Airlines are choosing to cram more seats into Boeing's hot-selling new 787 Dreamliner than the company expected, giving the plane a potentially decisive advantage over its Airbus rival.
Senior Boeing sales executive Randy Baseler said typical seating in the 787-9 version of the aircraft would rise to about 280 from 259 if airlines switched to having nine seats per row in economy class rather than eight as Boeing had expected.
Both Boeing and Airbus are major sources of work for aerospace component manufacturers in the West Midlands.
Two-thirds of 787 buyers have decided to fit nine seats in each row in economy, executives from the Chicago-based manufacturer said at the Singapore air show.
In doing so, they have improved the ratio that is the Holy Grail of aircraft economics: the cost per seat on each flight. Boeing's sales manager for the project, Marty Bentrott, said: "When we initially started to bring the 787 to the market we felt the market would be for eight abreast and more comfort.
"But 65 per cent of our customers are going for nine abreast, and we think that (ratio) will probably go up."
The 787 is due to enter service in 2008 and is competing against the A350, which Airbus launched in response.
While the narrower seats will disappoint travellers who had hoped the 787 would take another step towards giving economy travellers a little more room - at eight abreast, the seats will be 48 cm (19 inches) wide, compared with 44 cm (17.2 inches) in the 1960s-designed 747 - the greater seating gives Boeing a big lift in its battle against the A350.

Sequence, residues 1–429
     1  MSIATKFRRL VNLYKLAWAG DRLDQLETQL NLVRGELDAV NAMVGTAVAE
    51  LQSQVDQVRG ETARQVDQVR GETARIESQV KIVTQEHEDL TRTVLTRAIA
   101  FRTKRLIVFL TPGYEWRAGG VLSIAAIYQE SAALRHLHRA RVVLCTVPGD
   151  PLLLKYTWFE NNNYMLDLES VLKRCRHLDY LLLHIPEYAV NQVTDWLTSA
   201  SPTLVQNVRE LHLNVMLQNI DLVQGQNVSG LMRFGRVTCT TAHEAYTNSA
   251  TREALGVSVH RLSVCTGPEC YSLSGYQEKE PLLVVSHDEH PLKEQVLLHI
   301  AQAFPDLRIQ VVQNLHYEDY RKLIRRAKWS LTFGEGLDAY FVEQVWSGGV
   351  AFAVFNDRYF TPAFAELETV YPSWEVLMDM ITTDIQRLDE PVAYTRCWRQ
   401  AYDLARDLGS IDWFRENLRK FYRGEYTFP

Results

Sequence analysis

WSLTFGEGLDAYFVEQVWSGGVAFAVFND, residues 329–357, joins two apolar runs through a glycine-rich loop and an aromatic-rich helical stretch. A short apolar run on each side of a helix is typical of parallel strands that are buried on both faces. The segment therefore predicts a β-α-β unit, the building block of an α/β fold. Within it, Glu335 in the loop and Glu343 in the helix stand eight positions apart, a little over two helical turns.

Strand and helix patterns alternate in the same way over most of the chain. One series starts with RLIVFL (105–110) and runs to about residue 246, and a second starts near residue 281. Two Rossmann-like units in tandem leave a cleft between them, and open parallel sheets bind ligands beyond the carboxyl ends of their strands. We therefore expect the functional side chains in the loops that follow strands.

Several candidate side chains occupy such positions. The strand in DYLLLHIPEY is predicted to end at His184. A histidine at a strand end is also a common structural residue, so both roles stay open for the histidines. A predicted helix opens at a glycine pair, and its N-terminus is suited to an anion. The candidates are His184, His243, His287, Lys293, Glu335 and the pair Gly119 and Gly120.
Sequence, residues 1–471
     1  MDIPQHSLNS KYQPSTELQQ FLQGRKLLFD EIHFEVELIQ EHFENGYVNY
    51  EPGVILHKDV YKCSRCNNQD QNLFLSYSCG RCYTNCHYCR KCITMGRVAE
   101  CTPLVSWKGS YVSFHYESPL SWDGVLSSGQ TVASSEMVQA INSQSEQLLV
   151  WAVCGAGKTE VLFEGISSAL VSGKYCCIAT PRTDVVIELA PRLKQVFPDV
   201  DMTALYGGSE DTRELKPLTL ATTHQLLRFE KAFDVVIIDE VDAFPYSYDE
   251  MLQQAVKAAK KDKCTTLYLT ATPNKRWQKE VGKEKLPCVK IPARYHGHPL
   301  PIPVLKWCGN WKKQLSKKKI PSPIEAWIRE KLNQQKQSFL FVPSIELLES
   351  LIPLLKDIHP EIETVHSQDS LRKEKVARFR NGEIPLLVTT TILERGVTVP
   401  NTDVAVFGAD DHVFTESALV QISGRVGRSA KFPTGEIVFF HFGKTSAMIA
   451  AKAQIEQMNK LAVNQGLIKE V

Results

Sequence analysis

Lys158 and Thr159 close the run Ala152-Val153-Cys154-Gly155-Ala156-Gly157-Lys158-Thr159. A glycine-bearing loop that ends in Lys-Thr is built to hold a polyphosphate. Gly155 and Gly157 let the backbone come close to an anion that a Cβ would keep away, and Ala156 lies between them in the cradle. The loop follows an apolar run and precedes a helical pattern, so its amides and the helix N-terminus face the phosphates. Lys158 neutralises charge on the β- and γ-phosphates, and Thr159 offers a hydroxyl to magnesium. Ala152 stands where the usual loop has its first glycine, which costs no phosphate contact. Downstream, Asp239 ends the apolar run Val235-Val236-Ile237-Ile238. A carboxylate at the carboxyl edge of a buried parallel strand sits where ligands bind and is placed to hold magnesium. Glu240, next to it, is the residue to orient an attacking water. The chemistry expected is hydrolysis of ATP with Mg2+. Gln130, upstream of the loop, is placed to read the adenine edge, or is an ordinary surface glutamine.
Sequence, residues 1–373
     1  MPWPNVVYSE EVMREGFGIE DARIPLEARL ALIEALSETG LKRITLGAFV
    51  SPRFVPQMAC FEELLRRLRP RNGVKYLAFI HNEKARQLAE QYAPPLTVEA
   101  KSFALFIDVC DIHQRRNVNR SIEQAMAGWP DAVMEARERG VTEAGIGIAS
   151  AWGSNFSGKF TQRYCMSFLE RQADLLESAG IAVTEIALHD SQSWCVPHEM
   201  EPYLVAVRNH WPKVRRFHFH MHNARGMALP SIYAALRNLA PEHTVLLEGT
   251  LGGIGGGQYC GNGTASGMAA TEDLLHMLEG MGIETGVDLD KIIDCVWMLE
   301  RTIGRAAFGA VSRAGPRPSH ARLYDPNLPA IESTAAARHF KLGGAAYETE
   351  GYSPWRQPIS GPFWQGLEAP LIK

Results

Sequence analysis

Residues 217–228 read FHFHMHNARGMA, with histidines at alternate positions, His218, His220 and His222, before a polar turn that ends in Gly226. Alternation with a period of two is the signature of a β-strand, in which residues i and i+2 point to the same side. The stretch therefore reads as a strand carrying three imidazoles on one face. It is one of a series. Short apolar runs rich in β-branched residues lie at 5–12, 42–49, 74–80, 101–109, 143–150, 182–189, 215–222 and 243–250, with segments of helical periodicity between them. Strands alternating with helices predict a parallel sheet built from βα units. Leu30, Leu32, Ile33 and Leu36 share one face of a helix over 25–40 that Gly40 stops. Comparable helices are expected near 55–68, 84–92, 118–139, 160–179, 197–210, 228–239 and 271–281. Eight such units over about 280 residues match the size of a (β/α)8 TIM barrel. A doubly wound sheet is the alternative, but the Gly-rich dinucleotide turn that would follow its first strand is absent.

The A350 is constrained by its narrower fuselage, which is based on a 1960s design, although a little extra width has been found by thinning the walls. Its predecessor, the A330, is rarely fitted with nine-abreast seats.
"The surprising popularity of nine-abreast seating in the 787 could turn out to be decisive," said Gerard Frawley, editor of industry monthly Australian Aviation. Aircraft and aero-engine makers struggle for every tenth of a per cent of aircraft efficiency, but Boeing's figures suggest costs per seat could fall by a whopping 7.5 per cent if airlines opt for the tighter seating format.
Baseler said that while Boeing had originally expected the roomier seating arrangement to be popular, the 787 cabin had been sized precisely to fit nine 747-size economy seats.
"Some airlines found passengers were not willing to pay for more space," he told Reuters.